Statements by Adventist Leaders
Jan Paulsen was president of the General Conference of the Seventh-day Adventist Church from 1999 to 2010. Speaking of the challenge to share the gospel in the geographical area of the "10/40 Window" stretching from western Africa to eastern Asia, Pastor Paulsen stated:
"We have to recognize that the opportunities that come to us as a community of faith to be actively engaged in reaching the general public, are very limited for many reasons. They are limited by cultural and religious situations which prevail, but they also in some places are limited by the laws of the land. I think that the media we use, both through radio, television, and Internet -- and not least the Internet -- will have a huge impact on our capacity to reach people in other cultures or in geographical areas where our physical access is very limited, and in some places even impossible. There is no doubt in my mind that Internet evangelism is going to give us a possibility that far exceeds what we've been able to do through the other media. I think that our opportunities in Internet evangelism are really, virtually, unlimited." (ANN Interview).
"Never underestimate the unknown fruitfulness of all your evangelism outreach efforts. Much of the work you do will bear fruit that you never become aware of while here on earth, but which will have tangible results for eternity." (Westpoint of Evangelism training event, 2010).
Ted Wilson is the current President of the General Conference, having served in that position since 2010. During his Presidential Report to the 2015 General Conference Session held in San Antonio, Texas USA, Elder Wilson made the following statement on Cyberspace Evangelism: "Recognizing the power of today's technology, the (Adventist) church places strong emphasis on utilizing the Internet and media in proclaiming Christ and His three angels' messages. One way to do that is through GAiN--the Global Adventist Internet Network, a community of Seventh-day Adventist technologists and communicators sharing the gospel via the Internet. We praise the Lord for dedicated professionals who reach out through cyberspace to gain souls for Christ. (Adventist Review GC Session Bulletin, July 3, 2015).
Williams Costa Jr. is the Communication Director for General Conference. At the Global Adventist Internet Network (GAiN) Forum held in Montego Bay, Jamaica, he urged a greater committment to Web platform design and use of social media for evangelism and ministry:
"A greater commitment to the design of Web technology and use of social media will yield more effective results in the ministry of the Seventh-day Adventist Church".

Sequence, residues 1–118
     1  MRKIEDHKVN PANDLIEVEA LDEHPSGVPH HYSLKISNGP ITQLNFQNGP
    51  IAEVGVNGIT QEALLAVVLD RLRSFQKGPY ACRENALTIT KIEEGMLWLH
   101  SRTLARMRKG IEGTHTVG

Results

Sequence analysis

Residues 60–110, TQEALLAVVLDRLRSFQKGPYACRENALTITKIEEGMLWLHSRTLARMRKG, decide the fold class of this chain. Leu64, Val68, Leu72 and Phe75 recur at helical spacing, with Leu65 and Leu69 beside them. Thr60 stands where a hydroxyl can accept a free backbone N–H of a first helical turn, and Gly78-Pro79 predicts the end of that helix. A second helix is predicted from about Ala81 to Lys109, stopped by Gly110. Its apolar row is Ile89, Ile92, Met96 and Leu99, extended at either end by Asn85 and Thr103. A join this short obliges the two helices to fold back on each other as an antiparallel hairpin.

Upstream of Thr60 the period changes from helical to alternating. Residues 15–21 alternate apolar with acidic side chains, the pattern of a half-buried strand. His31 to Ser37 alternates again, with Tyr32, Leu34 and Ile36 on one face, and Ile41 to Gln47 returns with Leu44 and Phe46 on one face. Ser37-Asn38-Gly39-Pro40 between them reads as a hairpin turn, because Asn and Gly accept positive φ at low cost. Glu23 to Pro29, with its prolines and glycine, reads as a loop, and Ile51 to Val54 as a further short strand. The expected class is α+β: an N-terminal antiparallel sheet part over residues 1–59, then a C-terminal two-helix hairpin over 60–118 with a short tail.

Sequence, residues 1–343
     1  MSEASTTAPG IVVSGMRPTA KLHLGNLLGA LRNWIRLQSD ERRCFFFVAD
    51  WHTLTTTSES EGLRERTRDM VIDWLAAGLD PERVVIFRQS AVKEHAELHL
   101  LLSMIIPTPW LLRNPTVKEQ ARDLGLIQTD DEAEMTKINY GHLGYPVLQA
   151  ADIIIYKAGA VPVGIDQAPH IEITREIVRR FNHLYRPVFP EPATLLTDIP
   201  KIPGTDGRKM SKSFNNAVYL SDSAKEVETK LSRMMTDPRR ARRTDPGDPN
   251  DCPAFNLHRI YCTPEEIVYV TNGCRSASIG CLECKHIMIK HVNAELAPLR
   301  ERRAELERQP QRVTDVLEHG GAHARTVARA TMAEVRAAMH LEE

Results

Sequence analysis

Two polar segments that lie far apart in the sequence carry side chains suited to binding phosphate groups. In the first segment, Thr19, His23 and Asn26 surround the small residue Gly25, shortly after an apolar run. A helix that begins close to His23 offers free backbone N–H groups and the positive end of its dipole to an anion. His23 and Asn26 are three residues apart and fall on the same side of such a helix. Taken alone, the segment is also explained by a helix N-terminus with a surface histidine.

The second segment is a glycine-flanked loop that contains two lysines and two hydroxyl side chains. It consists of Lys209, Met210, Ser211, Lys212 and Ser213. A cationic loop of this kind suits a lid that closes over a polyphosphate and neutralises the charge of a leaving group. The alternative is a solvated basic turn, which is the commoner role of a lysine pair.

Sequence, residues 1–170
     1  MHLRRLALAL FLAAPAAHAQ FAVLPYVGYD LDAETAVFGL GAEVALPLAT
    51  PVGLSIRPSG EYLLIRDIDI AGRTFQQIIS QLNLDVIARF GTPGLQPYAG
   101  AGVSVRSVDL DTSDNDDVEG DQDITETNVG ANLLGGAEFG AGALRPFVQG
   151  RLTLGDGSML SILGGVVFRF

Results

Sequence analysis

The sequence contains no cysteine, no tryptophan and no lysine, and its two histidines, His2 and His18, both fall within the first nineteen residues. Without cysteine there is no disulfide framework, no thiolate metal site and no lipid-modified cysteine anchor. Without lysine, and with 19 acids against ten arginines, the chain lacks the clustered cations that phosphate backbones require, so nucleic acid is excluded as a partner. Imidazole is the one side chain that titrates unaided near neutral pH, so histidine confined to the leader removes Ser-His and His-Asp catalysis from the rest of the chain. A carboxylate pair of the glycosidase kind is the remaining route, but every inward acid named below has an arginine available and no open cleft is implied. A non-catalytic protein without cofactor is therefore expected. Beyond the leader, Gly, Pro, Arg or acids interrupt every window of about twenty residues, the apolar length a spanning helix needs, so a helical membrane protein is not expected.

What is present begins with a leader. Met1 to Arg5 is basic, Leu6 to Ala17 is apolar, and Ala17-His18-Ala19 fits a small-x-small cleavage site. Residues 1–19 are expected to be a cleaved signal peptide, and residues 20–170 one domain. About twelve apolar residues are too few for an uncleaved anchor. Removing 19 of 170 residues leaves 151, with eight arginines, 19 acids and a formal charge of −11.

Williams urged the church to increase its financial commitment to the design of information-sharing through the Web, as well as for administrators to further embrace the two-way communication that is offered by social media, which has become an industry standard: "It's better for leaders to be prepared for interaction. If you want to be heard you need to hear. Corporations are listening because it's the essence of communication today." (ANN Report, GAiN 2011)
Mark Finley was the Speaker/Director for the "It Is Written" TV ministry and now serves as the Assistant to the General Conference President for matters relating to global evangelism. In a presentation given at a GIEN Forum event, Pastor Finley stated:
"It is incredibly important that we take advantage of the rapidly growing internet to reach the otherwise unreachable."
Mark offered two Bible passages that have profound application to the Internet:
"I know thy works, I have set before thee an open door and no man can shut it" (Revelation 3:8). The Internet is an open door that governments cannot keep their people from logging onto and they can no longer keep the gospel away from the people. "To the weak became I as weak, that I may win the weak: I am made all things to all men that I might by all means save some" (I Corinthians 9:22). The church would be derelict in its duty to the gospel if we bypassed the use of the Internet. I'm profoundly convinced that the Internet is a powerful means for evangelism. Pastor Finley also quoted two exerpts from the writings of Ellen White which he felt were very applicable to the development of Internet ministry for evangelism purposes: Evangelism page 123: "Let every worker in the Master's vineyard, study, plan, devise methods to reach the people where they are. Evangelism page 70: "Men of varied gifts to be brought in to the work."
Doug Batchelor is the President and Speaker/Director for the Amazing Facts media ministry. In an AF magazine interview he shared his passion for using the Internet for evangelism:
"I have been amazed by the evangelistic potential of the Internet. Ten to fifteen years ago I began getting caught up by the evangelistic potential of media in general. I was meeting people who were completely grounded in the faith, and they got much of it through consistently studying, watching TV programs, and listening to radio. They really understood the message. Our message is a message of the Word - that's what changes lives. And you can communicate the Word through written form, in audio form, through visuals - because visual just enhances the audio presentation. But the Internet is a medium that combines all of those. You can get the visuals; you can read the content; you can hear it. And I've come to be so amazed at the evangelistic potential it holds. I know the Internet is something of a tree of the knowledge of good and evil. But it can be a very powerful and positive medium of communication. We have a team of 12 evangelists constantly doing public evangelism, and yet at the same time we see the exponential growth of the Internet in media.